Doctor of Philosophy (PhD)


Renewable Natural Resources

Document Type



Since its introduction in 1956, the use of open-system, diel dissolved oxygen curves for estimating the components of ecosystem metabolism in the lotic setting have been important in determining the current ecosystem theory of streams, both spatially among multiple systems and longitudinally within the same system, as well as identifying potentially impaired systems, especially when contrasted with streams considered unimpaired. Several factors have been identified as controls on both components of ecosystem metabolism and include light, nutrients, and stable substrates for gross primary production (GPP) and a source of organic matter (OM) for ecosystem respiration (ER). Stream size is important at mediating these factors through the presence or absence of a riparian canopy where small streams tend to have an intact canopy that can severely limit light to primary producers but provide a good source of OM for respiration. Alternatively, larger systems tend to lose canopy cover via widening of the stream and the limitation of light is relaxed while input of OM decreases. Additionally, inputs from watershed land use can affect GPP and ER in the stream via the inputs of nutrients to stimulate algal growth or organic pollution that stimulates heterotrophic activity. In the following studies, the effect of the presence or absence of a riparian canopy, watershed land use, and stochastic events such as flooding on ecosystem metabolism in coastal plain streams of southeast Louisiana are described. These systems behave similarly to previous studies and provide more evidence that the use of ecosystem metabolism as a metric for stream health is beneficial. Recommendations for future studies include the identification of more unimpaired systems while adding a temporal component, modeling systems under different hydrologic or climate change regimes, and the assessment of the impacts of stochastic events such as extreme weather events, exotic species invasions, or local extirpations of important species.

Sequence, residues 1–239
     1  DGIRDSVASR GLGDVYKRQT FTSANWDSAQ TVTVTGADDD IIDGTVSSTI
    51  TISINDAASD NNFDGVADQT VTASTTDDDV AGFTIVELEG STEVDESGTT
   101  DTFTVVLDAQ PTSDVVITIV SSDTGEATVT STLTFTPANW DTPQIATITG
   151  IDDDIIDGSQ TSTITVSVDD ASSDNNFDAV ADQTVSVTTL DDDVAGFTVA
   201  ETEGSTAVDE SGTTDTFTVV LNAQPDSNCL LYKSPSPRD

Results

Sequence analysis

Document Availability at the Time of Submission

Release the entire work immediately for access worldwide.

Committee Chair

Kelso, William E.